The Canadian provinces of Quebec and Newfoundland, have announced that they will be scaling back some of the environmental and engineering work planned for this year.
The two provinces were jointly planning the development of the 3200MW Lower Churchill Falls hydroelectric project in Labrador, Canada.
A joint statement issued by the premiers of the two provinces said that the delay was necessary before committing the substantial funds required to bring the project to the next phase of development. Prior to the joint statement, the talks between the two provinces had stalled over pricing issues, aggravated by the deregulating energy market in the US. A majority of the power developed by the project is to be sold in northeastern US.
The statement by the premiers said the trend towards very short term pricing contracts in the North American power market had made it difficult for the provincial utilities, Hydro-Quebec and Newfoundland and Labrador Hydro, to garner long term power purchase agreements for the Gull Island project.
The absence of any long term pricing has prevented the establishment of a floor price for Lower Churchill power at the Labrador-Quebec border. The floor price is the price at which Newfoundland Hydro would sell power to Hydro-Quebec. Frustrated with the slow progress in the negotiations with Hydro-Quebec, Newfoundland is also looking for other potential partners to develop the project.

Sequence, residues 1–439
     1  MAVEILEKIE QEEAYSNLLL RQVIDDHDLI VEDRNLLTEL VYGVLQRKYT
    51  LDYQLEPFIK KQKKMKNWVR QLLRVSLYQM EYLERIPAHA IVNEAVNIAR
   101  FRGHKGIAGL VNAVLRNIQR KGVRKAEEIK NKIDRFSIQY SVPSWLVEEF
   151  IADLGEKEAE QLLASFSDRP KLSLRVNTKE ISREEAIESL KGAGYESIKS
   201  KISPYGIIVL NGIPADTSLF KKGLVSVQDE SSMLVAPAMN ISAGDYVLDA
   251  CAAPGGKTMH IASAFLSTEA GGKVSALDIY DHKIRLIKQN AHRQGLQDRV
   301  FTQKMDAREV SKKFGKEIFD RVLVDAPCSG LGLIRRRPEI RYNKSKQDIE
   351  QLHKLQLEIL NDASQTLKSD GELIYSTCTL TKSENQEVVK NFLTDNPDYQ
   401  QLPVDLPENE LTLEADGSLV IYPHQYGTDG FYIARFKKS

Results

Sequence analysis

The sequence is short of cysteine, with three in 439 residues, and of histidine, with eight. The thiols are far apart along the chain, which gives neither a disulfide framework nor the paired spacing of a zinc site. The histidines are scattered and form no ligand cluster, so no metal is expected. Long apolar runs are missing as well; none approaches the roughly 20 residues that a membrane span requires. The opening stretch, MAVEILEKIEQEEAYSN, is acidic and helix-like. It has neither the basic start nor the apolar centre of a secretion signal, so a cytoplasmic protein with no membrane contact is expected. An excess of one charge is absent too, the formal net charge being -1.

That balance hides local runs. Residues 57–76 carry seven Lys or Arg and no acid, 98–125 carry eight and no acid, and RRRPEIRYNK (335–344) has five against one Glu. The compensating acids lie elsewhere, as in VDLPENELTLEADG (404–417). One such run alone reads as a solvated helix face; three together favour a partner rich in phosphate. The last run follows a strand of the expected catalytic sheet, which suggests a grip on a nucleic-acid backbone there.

The existing Upper Churchill Falls project, built 30 years ago, produces 5200MW. However, its development was the cause of much bitterness between the two provinces. The existing plant gives Quebec preferential access to power, at prices way below market prices, which is sold in the US by Quebec at market prices. Churchill is just inside the Labrador border from Quebec, and power from the plant must be transported through Quebec to reach US markets.
The new Lower Churchill project, which would include partially diverting one river in Quebec, would add 2200MW to the development. The cost of building the new proposal is estimated at C$6.5B, and it is expected to take six years to complete.
The project will supply power to Newfoundland by an underwater transmission line to the island costing an additional C$2B.
Meanwhile, Newfoundland has announced plans to build a 40MW hydroelectric plant at Granite Canal to meet the island’s expected electricity demand by 2003. This project will cost C$135M.